The Rise Of The Machines
By José Balido
SEO! Key words! Links! Backtracks! As we wind up the first decade of the 21st century, public relations copywriting plunges ever deeper into a jargon-strewn digital thicket that has become a crucial part of doing the job for our clients and ourselves. I have always taken pride on crafting crisp and effective copy no matter who the audience, but as search engine optimization increasingly thrust its technical demands upon me, I started to worry: would writing for machines lead to a stunting of imagination and expression, reducing all copy to a clunky, mechanical pastiche?
After all, I’ve been a professional writer for nearly a quarter of a century, and for most of that time my work on the journalistic side of the equation always had one overarching element in common, something so obvious at the time that it wasn’t even worth mentioning: my words were meant for the eyes, intellects and esthetic sensibilities of those whimsical, fickle creatures called human beings.
How the world has changed! These days, when writing PR or marketing copy, I also need to catch the figurative “eye” of the search engine bots and algorithms that relentlessly prowl the vastness of the Internet. The smooth integration of key words and phrases into copy that will also please the human eye is, of course, no mean feat, but to my relief, I have found that, especially in the proverbial right hands, one doesn’t have to squeeze the juice out of the other.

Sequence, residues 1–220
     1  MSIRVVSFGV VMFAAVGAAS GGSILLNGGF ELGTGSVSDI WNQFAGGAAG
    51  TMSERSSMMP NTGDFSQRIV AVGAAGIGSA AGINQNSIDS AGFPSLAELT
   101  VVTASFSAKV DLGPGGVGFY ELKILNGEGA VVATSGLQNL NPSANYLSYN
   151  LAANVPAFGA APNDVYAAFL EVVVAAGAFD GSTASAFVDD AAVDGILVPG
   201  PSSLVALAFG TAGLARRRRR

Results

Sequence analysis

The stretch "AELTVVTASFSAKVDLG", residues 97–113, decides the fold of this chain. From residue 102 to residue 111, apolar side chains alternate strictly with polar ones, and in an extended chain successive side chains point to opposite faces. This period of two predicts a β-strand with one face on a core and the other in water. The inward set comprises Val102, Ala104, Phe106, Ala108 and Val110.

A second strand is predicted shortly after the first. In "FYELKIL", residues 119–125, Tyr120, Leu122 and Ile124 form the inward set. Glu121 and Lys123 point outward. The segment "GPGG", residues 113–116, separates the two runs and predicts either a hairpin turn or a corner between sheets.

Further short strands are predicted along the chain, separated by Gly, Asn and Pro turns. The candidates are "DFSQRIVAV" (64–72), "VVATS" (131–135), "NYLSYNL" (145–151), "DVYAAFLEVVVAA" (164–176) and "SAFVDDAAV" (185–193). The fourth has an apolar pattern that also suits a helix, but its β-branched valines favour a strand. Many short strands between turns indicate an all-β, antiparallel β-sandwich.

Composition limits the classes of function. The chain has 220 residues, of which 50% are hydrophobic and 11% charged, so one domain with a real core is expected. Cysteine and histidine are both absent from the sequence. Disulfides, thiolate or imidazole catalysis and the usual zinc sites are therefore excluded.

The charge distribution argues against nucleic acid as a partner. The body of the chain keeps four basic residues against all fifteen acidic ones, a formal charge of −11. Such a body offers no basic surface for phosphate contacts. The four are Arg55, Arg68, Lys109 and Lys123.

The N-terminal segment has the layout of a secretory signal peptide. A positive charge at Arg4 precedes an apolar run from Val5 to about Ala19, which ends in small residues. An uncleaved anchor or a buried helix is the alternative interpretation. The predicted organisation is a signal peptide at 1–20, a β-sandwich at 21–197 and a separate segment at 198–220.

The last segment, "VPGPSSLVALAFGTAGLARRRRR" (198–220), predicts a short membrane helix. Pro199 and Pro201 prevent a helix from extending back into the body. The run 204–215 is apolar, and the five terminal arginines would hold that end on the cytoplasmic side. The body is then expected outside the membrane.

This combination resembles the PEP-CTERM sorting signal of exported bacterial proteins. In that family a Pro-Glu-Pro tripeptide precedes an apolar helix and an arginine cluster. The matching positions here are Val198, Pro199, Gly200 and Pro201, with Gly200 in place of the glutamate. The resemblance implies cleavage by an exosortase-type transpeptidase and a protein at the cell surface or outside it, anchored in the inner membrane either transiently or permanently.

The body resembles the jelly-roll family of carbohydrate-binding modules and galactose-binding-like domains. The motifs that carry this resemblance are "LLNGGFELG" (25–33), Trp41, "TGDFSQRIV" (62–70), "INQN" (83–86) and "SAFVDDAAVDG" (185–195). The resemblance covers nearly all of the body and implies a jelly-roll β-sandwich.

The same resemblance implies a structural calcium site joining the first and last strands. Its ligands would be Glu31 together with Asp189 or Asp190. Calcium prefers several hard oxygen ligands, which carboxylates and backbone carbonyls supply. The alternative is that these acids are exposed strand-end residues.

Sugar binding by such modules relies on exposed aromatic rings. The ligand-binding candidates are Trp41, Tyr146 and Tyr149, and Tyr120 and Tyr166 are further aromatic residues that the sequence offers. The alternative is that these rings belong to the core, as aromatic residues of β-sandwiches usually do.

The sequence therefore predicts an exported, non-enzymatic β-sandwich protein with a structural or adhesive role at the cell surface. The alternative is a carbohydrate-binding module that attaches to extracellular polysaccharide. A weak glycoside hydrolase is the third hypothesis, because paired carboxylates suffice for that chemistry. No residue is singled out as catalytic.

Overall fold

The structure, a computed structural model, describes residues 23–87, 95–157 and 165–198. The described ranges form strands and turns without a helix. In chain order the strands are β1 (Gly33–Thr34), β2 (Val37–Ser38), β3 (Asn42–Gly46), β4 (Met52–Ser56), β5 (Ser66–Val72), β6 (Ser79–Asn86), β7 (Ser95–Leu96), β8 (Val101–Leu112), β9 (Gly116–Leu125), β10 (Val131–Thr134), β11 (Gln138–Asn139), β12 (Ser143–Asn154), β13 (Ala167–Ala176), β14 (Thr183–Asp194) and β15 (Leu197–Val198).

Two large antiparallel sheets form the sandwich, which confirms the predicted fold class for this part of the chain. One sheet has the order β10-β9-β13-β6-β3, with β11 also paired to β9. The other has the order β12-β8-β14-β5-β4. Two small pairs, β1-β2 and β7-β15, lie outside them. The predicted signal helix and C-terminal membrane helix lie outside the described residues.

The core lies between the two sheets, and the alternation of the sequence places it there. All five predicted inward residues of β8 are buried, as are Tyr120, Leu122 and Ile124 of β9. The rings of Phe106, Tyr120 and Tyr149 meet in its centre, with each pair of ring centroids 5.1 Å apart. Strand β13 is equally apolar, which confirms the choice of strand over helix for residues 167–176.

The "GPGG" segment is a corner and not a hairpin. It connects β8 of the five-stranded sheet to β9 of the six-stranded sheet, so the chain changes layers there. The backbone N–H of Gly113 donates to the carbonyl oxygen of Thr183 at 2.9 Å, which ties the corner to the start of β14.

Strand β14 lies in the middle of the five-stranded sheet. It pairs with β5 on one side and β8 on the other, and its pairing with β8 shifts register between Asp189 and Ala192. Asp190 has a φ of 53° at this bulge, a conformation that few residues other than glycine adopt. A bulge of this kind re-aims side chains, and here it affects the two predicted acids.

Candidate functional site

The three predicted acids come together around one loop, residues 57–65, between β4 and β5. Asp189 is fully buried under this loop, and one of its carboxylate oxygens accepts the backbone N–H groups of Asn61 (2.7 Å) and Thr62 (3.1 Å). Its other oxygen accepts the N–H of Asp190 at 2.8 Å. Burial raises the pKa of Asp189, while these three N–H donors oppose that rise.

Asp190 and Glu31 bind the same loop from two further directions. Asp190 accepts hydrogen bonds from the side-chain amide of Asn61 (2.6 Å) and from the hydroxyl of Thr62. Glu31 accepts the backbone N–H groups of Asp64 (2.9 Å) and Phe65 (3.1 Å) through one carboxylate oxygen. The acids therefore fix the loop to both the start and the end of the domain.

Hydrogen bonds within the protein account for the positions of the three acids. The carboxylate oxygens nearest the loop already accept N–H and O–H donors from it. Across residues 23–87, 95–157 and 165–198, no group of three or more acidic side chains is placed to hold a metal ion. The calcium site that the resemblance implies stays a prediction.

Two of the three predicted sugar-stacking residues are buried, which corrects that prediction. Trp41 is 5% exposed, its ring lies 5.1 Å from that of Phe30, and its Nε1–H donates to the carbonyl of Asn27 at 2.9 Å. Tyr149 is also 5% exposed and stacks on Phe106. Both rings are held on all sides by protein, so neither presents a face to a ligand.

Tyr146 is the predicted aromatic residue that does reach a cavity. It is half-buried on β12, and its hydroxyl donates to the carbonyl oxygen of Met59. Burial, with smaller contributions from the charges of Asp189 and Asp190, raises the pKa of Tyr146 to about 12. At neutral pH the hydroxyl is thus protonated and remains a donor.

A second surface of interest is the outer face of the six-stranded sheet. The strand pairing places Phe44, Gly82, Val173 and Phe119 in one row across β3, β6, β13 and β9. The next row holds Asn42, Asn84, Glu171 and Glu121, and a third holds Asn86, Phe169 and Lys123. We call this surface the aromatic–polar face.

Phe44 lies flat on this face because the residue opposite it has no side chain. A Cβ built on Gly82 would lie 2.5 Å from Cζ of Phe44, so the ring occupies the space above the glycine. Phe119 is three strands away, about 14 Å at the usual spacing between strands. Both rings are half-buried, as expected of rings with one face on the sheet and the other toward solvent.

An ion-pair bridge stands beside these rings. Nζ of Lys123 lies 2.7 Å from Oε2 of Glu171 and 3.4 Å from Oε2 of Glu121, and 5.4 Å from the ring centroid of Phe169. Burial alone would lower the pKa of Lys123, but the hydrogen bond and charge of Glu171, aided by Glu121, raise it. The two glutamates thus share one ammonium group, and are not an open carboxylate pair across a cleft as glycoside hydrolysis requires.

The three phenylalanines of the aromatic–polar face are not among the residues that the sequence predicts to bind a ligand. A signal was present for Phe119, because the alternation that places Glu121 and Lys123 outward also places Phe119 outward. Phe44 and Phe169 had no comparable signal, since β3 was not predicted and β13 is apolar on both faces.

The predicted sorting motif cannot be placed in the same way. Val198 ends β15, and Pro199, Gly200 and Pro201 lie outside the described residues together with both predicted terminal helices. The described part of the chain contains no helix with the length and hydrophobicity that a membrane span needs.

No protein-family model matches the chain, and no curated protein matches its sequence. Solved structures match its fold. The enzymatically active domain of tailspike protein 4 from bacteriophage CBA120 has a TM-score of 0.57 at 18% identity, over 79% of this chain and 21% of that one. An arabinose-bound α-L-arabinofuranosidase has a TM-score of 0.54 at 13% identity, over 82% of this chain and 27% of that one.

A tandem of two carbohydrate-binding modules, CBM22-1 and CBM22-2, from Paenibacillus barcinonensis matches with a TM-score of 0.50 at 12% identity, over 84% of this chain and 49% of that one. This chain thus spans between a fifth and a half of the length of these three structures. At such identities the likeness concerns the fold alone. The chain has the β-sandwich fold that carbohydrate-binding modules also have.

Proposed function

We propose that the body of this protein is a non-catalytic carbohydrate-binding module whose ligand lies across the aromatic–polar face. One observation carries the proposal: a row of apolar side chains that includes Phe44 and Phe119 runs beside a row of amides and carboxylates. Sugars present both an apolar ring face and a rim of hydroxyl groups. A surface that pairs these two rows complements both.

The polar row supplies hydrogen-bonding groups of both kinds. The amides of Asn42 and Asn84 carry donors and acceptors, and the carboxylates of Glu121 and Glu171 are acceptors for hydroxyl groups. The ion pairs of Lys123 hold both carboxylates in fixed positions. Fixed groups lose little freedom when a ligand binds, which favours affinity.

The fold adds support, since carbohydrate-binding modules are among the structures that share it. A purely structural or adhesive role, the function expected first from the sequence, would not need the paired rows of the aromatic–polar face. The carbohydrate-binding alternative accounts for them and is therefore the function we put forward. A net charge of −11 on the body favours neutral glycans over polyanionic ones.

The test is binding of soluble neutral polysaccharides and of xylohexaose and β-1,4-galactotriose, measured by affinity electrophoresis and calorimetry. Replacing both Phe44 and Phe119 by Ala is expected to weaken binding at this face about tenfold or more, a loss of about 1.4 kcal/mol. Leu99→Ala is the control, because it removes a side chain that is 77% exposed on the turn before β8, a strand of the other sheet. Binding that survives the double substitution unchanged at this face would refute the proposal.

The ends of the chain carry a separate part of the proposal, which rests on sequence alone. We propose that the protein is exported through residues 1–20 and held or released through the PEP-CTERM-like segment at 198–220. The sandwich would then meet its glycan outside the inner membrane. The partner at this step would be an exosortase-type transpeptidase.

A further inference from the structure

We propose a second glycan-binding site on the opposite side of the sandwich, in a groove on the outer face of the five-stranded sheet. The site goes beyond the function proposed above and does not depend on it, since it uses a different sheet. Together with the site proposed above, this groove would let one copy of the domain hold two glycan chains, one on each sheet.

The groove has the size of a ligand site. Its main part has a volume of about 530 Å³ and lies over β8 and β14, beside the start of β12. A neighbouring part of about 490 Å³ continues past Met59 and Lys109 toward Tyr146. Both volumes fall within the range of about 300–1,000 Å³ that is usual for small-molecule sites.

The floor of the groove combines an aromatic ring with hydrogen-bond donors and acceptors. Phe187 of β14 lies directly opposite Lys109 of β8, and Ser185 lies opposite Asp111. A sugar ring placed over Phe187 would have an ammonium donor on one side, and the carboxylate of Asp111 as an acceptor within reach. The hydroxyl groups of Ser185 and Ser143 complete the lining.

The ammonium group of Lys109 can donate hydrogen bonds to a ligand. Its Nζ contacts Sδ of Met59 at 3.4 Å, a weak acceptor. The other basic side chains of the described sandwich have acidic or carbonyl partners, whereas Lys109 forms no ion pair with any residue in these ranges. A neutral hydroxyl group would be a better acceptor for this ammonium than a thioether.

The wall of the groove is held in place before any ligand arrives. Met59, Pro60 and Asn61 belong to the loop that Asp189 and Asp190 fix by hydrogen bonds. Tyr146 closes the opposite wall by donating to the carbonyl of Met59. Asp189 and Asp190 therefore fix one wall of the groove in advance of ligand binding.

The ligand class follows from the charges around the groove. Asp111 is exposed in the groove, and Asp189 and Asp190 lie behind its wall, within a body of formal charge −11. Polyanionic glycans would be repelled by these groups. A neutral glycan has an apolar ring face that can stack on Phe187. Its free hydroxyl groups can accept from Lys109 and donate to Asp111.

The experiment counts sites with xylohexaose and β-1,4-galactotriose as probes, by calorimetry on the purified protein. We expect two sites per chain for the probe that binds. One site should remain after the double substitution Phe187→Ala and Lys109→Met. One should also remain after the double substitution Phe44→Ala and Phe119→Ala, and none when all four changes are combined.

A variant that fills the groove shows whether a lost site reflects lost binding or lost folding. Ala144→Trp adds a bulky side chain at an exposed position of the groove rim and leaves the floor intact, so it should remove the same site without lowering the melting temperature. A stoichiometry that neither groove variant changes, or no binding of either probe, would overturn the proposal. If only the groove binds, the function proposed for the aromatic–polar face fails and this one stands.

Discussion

I was reminded of this recently while reading, of all things, Shakespeare’s love sonnets. Like any other art form with rigorous technical rules – the complex contrapuntal interplays of Baroque music, for example – the constraints of iambic pentameter, or in our case the need to work certain key words in, challenge us to produce an even better poem or marketing copy.
Bottom line: good content and good digital technique can complement each other, rather than work at cross purposes. Ultimately, we still need to write to interest and please human beings (and as time goes on, not only will those algorithms grow to reflect that need better and better, but alternate models will arise, such as Wikipedia’s promising new Wikia search engine, now in beta). Thus, while penning my prose, I refer regularly to a keyword generator such as Google AdWords Keyword Tool, tweaking the copy as needed while always keeping grace and readability front and center. Sometimes it does take a little more work than others, but the rewards – both in terms of positive reader response and the writer’s own satisfaction – are the very model of optimization.